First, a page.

The young chef won the Pacific region of the S. Pellegrino Young Chef competition, but he’s about to take on his biggest role yet as executive chef of a Melbourne institution.
My year away from Lûmé was formative. As a young cook, especially when you’ve been at a certain place for a long time, all your creativity and thinking resembles that place. I was able to learn how to cook instinctively and build on my fundamentals — I feel more confident as a cook now. But in that time, I was also able to delve deeper into my culture and upbringing and understand better what modern Australian cuisine means to me.
When Shaun approached me with the opportunity to lead Lûmé into the next chapter, it was something I couldn’t refuse. Lûmé will always have a place in my heart — it’s like the home you grew up in. The nurturing culture, the people that make Lûmé, the beautiful dining room, the toys to play with, the innovative thinking, the freedom to think outside the box … the list goes on.
I feel ready. It’s a daunting experience, but I love being thrown in the deep end and told to swim. Guests can expect a shorter, more concise menu with more choice. It will be flavour-focused and fun.
Winning the Pacific region of S. Pellegrino Young Chef competition and making it to the top seven of the grand final had a massive effect on my life, not
just professionally, but personally as well. Professionally, it opened many doors and opportunities within the industry and it helped to build lasting friendships and a global network of young, like-minded chefs. As a person, it helped me develop confidence in my own cooking style and the kind of cuisine I wanted to create. The competition reaffirmed for me that cooking differently and being unorthodox is a great thing.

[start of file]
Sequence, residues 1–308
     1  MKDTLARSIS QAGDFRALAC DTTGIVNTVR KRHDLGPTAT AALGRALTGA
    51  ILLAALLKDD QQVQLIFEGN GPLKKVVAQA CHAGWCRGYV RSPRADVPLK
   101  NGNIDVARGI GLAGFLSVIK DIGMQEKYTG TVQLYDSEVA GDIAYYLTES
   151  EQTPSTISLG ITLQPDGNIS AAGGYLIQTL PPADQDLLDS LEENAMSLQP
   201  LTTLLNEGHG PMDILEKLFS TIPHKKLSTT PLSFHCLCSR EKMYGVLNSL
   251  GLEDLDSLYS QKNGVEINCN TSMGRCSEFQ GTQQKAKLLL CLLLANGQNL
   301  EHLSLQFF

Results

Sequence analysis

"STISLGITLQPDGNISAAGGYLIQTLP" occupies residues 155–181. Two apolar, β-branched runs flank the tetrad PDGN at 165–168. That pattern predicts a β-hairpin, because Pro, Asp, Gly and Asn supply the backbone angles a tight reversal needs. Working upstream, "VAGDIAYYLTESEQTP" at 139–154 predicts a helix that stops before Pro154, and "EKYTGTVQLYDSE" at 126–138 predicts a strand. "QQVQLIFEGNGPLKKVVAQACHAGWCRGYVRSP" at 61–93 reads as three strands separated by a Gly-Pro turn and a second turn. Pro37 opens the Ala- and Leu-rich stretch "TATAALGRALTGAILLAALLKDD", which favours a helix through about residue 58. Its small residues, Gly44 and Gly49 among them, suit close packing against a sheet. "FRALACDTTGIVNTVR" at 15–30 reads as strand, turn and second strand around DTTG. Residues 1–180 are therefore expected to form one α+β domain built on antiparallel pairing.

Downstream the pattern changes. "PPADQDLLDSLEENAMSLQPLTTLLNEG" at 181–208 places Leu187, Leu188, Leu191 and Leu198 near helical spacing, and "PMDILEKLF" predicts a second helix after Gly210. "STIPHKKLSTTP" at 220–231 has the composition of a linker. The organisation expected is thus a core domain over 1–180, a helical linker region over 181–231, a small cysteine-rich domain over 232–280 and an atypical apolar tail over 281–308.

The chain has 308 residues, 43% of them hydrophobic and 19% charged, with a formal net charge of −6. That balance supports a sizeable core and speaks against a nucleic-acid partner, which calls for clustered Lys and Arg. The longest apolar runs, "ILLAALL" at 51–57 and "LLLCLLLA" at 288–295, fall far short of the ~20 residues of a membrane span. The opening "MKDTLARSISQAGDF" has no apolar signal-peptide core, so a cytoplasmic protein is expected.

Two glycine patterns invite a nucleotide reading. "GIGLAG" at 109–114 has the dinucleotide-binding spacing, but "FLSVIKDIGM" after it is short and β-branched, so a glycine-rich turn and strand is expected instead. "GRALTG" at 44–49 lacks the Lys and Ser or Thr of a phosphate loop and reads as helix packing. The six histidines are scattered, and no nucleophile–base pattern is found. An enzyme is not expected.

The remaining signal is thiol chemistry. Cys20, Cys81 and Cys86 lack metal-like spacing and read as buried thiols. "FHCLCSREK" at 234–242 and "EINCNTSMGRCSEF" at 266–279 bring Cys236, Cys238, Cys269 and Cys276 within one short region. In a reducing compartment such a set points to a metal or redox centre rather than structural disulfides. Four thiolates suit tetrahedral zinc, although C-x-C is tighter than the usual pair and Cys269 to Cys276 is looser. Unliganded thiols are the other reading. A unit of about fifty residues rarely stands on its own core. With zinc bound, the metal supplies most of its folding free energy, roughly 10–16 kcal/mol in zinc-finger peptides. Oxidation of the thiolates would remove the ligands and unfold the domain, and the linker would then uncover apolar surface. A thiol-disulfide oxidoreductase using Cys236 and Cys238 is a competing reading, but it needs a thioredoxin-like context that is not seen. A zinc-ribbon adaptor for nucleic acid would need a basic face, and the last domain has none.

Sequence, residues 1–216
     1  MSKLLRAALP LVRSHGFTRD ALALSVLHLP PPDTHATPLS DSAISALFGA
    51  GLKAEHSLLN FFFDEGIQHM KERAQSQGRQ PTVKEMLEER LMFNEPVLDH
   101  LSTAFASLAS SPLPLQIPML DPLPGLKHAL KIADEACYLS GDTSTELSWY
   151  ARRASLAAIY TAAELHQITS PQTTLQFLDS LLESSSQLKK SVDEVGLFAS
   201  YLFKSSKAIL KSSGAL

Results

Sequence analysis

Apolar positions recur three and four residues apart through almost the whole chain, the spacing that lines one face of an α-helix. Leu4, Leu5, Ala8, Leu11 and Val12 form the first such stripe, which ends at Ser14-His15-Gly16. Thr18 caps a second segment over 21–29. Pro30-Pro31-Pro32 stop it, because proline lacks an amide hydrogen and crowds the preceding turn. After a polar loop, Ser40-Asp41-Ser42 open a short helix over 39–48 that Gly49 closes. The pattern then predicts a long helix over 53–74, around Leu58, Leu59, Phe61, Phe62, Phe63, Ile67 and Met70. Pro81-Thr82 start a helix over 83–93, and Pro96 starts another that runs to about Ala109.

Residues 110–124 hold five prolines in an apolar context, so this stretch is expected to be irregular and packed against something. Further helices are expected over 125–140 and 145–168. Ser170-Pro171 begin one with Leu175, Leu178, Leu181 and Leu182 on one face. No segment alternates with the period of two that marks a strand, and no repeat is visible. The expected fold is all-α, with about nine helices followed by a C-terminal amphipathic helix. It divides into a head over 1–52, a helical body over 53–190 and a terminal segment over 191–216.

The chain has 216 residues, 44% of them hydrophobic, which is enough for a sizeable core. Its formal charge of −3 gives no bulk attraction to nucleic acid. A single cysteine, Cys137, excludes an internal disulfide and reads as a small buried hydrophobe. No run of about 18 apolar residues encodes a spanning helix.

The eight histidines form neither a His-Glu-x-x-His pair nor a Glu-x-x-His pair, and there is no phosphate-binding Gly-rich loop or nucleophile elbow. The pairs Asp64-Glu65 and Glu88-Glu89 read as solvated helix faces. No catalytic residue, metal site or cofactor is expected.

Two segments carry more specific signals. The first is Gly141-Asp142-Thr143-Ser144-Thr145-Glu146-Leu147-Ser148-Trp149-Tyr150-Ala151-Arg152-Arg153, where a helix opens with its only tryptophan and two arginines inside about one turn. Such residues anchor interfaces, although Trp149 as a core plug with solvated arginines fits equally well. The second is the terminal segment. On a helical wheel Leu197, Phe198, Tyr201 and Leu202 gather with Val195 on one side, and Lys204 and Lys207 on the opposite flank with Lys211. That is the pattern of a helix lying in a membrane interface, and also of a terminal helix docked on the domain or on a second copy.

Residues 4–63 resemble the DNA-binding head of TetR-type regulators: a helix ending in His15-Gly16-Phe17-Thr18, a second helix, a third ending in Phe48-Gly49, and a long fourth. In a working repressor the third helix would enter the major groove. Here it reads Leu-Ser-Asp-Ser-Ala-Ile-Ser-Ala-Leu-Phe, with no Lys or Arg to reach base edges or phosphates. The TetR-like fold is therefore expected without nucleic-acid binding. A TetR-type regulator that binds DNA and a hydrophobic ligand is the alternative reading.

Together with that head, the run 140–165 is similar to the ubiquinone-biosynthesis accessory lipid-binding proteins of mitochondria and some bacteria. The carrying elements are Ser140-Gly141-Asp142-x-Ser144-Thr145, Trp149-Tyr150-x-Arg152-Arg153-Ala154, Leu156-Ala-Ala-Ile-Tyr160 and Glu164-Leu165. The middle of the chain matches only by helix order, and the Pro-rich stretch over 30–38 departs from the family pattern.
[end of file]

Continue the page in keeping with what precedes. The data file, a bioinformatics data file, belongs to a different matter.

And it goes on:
I was never a competition cook, and I never really had any ambition to do competitions or be in the spotlight, but Shaun nagged me to do it. He saw potential in me and my food and he wouldn’t let me get away with not pursuing it, which is something I’m forever grateful for. Shaun told me that it wasn’t about winning or making a name for yourself, but a way to gauge yourself and your capabilities alongside others who are highly regarded in their field.
Scott Pickett is an incredible mentor. He’s a seasoned professional when it comes to competition settings and it goes without saying he’s also a great chef. Scott taught me how to be organised and to plan every step and every minute of the competition rigorously. We had gone through every scenario that could’ve happened and it made me much more confident when going over to Milan. Every cook needs support and someone to look up to.
This article originally appeared in Hospitality‘s December issue. Subscribe to the print magazine here.